Subject: CFP: DH Forum 2015, University of Kansas


Dear all,

I'm pleased to share the CFP for our Fall IDRH  http://idrh.ku.edu  Digital
Humanities Forum which will be taking place on

September 25 & 26, 2015.
Please share far and wide
!
All best,
Élika

-----

Peripheries, barriers, hierarchies: rethinking access, inclusivity, and
infrastructure in global DH practice  http://idrh.ku.edu/dhforum2015

 Digital Humanities engages in many alternative scholarly forms and
practices, and thus positions itself as a channel for exploring and
challenging how social and institutional constructs shape traditional and
digital academic discourses. Yet DH itself contains many non-neutral
practices and is far from barrier-free. Digital Humanities practices,
tools, infrastructures, and methodologies often embed a variety of
assumptions that shape what kind of scholarship gets made, studied, and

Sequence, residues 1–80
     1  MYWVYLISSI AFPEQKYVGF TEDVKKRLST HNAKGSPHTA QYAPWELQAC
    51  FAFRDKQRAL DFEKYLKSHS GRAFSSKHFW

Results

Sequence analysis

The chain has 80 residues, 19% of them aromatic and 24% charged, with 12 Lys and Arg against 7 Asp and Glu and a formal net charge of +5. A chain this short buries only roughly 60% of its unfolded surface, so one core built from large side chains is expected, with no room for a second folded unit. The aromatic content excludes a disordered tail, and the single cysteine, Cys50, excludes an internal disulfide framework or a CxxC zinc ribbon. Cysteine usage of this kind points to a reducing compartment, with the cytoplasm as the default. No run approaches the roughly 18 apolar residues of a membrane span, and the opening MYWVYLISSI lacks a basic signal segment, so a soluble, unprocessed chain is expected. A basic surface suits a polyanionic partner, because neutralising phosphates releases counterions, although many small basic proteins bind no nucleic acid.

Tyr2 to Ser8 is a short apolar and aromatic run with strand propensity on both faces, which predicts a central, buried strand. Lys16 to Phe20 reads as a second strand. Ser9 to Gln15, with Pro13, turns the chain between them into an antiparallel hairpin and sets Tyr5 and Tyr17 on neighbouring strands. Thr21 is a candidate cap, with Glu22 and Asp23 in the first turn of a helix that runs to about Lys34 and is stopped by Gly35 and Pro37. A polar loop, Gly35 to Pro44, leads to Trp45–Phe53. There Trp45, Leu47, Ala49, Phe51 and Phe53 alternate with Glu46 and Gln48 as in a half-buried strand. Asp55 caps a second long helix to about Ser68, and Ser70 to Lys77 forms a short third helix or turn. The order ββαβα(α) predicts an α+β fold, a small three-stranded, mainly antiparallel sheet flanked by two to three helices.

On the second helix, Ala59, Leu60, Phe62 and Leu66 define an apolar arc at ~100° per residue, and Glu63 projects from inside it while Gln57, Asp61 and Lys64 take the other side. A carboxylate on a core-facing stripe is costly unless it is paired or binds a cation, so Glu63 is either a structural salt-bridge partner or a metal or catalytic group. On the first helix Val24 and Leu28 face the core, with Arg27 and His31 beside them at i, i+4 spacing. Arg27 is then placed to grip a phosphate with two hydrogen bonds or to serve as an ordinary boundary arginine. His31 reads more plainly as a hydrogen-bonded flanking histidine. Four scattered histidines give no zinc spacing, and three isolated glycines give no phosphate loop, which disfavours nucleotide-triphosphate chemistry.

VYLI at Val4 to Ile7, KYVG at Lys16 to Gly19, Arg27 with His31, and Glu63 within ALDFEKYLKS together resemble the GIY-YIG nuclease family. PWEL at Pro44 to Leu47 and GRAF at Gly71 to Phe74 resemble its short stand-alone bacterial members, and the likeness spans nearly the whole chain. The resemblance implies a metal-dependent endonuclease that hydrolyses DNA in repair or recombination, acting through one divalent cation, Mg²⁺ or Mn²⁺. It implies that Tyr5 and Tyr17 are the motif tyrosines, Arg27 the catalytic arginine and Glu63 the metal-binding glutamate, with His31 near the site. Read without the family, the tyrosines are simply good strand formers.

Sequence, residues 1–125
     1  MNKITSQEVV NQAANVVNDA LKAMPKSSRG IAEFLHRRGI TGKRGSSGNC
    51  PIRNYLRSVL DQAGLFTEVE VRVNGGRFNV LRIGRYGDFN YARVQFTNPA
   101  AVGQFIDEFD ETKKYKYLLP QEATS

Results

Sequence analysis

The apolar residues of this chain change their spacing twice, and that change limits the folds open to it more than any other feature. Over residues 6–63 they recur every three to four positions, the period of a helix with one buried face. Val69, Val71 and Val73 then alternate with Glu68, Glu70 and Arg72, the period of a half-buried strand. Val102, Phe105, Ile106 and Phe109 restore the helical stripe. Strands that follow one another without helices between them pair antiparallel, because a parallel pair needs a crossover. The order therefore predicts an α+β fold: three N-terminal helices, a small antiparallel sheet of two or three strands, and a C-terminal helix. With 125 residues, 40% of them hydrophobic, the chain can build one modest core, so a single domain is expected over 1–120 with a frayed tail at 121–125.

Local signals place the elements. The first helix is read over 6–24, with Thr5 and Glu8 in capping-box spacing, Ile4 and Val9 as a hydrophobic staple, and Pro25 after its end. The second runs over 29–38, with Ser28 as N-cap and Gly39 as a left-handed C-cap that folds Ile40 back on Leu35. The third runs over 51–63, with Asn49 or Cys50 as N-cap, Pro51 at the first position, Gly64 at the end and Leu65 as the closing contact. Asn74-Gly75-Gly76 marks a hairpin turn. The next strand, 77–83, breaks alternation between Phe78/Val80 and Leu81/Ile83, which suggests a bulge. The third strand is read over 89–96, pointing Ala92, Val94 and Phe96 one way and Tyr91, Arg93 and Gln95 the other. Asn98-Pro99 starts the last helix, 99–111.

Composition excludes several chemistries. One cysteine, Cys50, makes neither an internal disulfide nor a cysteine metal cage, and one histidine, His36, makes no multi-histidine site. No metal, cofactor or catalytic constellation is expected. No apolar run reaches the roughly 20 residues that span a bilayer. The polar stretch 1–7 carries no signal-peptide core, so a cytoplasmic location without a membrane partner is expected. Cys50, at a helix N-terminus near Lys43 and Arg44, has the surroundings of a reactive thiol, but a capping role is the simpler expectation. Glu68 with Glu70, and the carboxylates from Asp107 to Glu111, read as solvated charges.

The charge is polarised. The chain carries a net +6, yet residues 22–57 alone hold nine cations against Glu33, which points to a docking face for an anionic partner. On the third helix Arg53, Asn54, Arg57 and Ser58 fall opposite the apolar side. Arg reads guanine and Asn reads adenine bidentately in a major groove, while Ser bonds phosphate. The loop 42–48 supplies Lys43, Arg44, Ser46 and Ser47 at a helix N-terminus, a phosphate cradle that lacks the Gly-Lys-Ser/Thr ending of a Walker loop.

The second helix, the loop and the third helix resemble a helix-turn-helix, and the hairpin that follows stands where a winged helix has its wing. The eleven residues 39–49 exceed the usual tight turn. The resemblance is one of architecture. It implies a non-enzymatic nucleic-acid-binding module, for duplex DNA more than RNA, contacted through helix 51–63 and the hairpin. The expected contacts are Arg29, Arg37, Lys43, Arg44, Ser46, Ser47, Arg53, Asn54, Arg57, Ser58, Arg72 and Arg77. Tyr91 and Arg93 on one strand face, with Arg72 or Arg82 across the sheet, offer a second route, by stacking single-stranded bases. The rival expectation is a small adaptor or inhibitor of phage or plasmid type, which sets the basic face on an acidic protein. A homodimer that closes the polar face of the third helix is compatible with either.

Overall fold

communicated; how it is represented to the world; and who can participate
in that making and communication. A truly accessible DH goes beyond
technical standards and provides people and communities of different
abilities, genders, sexual orientations, languages and cultures--and of
varying levels of access to technology and infrastructure--the capacity to
shape and pursue scholarship that addresses their own interests and needs.

In a global context, the expansion of DH practices around the world and
beyond the academy can reveal the ways in which dominant, hegemonic
practices within the field tend to reinforce the very inequalities DH
attempts to correct through its embrace of accessibility and knowledge
production. Thus, specific practices in Global DH can call attention to the
explicit and implicit contradictions in broader DH practices.

Our 2015 Digital Humanities Forum will take a critical approach to
exploring peripheries, barriers and hierarchies of digital humanities
practice in a global context, identifying those assumptions, and advocating
and showcasing alternative practices to advance the field. We will
critically engage these issues by exploring themes such as inclusivity,
accessibility, global perspectives, decolonization, and democratization as